KXAN is reporting that a scaffold collapsed at the construction site of the 21 Rio condos in Austin (near the UT campus). All three people on the scaffold were killed.
This incident is another reminder of the critical nature of fall safety systems. Almost a year ago, in the wake of a Washington, DC construction death, I had a post detailing the need for fall safety systems in general, and scaffolding systems in particular.
OSHA has several requirements for scaffolding safety. Initially, it is critical that the scaffolding be constructed properly. OSHA has very detailed requirements for the construction of scaffolds. These requirements include:
- each scaffold and scaffold components must be capable of support four times the maximum intended load on the scaffold
- any suspension ropes must be capable of supporting at least six times the maximum intended load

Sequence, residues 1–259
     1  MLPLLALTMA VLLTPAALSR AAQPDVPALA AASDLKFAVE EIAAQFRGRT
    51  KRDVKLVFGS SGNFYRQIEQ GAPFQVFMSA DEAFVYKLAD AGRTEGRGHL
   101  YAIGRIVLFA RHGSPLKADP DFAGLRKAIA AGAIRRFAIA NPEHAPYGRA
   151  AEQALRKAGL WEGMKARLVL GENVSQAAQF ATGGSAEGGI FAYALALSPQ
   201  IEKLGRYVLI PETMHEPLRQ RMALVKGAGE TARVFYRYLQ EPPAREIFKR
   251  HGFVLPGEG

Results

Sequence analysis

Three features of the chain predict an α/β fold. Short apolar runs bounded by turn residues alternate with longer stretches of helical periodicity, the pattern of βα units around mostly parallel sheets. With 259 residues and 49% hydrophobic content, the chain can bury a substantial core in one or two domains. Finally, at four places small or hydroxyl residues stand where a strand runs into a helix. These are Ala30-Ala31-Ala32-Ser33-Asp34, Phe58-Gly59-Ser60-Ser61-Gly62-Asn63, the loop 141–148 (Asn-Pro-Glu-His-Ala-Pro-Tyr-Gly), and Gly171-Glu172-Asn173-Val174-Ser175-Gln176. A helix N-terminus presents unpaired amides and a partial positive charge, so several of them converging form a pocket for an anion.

- the working levels must be properly planked and decked
- scaffold components manufactured by different manufacturers must not be intermixed unless the components "fit together without force" and the structural integrity is maintained
- supported scaffolds (as opposed to scaffolds suspended from the roof) must be plumb and braced to prevent swaying
- for suspended scaffolds, there must be a normal operating brake and an emergency brake or locking pawl that automatically engages when there is an instantaneous change in momentum or an accelerated overspeed
In addition, OSHA has specific guidelines for fall safety systems, which includes a requirement that each employee on a walking/working surface with an unprotected side or edge which is more than six feet above a lower level must be protected by a guardrail system, safety net system or personal fall arrest system. The OSHA rules also specific requirements governing the guardail, safety net and personal fall arrest systems.
It is critical that contractors and subcontractors follow these requirements. Scaffolding accidents and falls almost always result in serious accidents. Thus, following these requirements is critical.